City or State? Finding the balance

Finding the balance

Most places in the world no longer see men with the most land wielding the most power. In fact, power lies in the hands if those who live the most tightly packed together. Today, only three independent, sovereign city-states exist: Monaco, Vatican City and Singapore. Singapore, being a city-state facing a scarcity of land, our population density is the third highest in the world. There is not much room for negotiation when it comes to associating wealth with land. Recently, the figure 6.9 million triggered much public frustration during the release of the population white paper. Perhaps because Singaporeans cannot imagine a more crowded Singapore. From sardine-packed trains to pigeon hole HDB flats, Singaporeans feel suffocated, with no place less crowded to take refuge without leaving the country.
As a city-state, when we speak of quality of life, we need to look beyond financial indicators such as income. A current heated topic of discussion would be the issue of work-life balance. What constitutes to work-life balance? Is there really a segregation between work and life or should both be merged?
I feel that work and life are most definitely not segregated and in fact should be looked at together. If one deems his or her job fulfilling, finds joy in it without compromising family life, haven’t we happily married both life and work? The definition or calibration of work-life balance is personal as everyone has different priorities and responsibilities. To find the right balance, it takes patience and time, something that many of us find scarce, but definitely worth the investment in the long term.
In Singapore, where our pace of life is so high, most people are highly strung throughout the day and are unable to relax. Could our pace of life be one of the contributors to the recent study showing Singapore to be the most unhappy and emotionless country? Pragmatism is what our country was largely built upon, and although many Singaporeans blame the Government for neglecting their emotions and insisting on doing it the practical way, it is ironic that these are the exact same people sending their children for countless tuition and enrichment classes, claiming that it is in the best interests of their children. Are they not being pragmatic as well?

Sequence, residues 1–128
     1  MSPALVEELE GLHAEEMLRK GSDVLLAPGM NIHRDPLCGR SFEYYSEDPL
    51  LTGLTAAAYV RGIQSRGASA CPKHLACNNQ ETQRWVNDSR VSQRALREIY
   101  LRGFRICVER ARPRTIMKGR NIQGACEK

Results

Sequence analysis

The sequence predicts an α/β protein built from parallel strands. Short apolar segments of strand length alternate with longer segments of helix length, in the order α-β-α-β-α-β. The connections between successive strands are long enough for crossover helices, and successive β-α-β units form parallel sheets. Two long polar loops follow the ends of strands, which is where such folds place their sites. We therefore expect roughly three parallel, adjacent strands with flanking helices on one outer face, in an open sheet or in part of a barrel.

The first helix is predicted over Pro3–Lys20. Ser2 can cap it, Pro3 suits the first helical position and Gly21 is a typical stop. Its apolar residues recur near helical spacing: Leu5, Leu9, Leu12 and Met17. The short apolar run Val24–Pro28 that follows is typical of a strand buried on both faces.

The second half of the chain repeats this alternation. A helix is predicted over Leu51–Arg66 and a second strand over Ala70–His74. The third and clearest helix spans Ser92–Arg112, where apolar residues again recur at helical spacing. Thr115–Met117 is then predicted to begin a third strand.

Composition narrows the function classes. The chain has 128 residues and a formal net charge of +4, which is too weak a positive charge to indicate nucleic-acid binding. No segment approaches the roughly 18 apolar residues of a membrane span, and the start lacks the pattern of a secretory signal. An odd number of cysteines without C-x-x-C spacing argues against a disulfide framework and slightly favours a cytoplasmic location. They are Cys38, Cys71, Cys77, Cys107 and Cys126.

As we strive for greater economic progress, we need to bear in mind that we cannot grow at all costs. Singapore should be a state before a city, because we were first and foremost a state before rapid urbanisation in our small land mass made us a city-state. The goal of the state should be to improve the wellbeing of the people. Economic progress is but a means to the end.
Singapore was built on the rock of meritocracy, and it has undisputedly been the reason for economic success. However, pure meritocracy will only bring a nation to its knees. Pure meritocracy is cold-hearted. It strives for progress at all costs, which we as a state cannot afford socially. Just as Budget 2013 seeks to provide equal opportunities to all, perhaps an equal emphasis should be given to providing every Singaporean with greater job satisfaction instead of simply providing a pay raise.
Changing policies are easy. It is the changing of mindsets that is the challenge. The mindset that we should grow at all cost, the mindset that we must be the best economically and academically to be considered to have succeeded in life, the mindset that we should seek to quantify every aspect of our lives. All these mindsets hinder the all round progress of Singapore as a state.
Is it possible for us to have a balanced lifestyle without being anti-competitive? Some people associate relaxation time as non-productive and thus do not allocate time to relax. Many see happiness as the outcome of success. In Shawn Achor’s book titled “The Happiness Advantage”, he challenges us to reverse the equation, and realise that success is the result of happiness. Having a happier, more balanced work, family and personal life, one can in fact raise productivity. We seem to have found the perfect solution, but the implementation is easier said than done.
Happiness cannot be forced. Happiness comes from within.
As we mature as a state, we should take a step further to advance holistically, bearing in mind that the welfare of our people should be the heart and soul of our actions.


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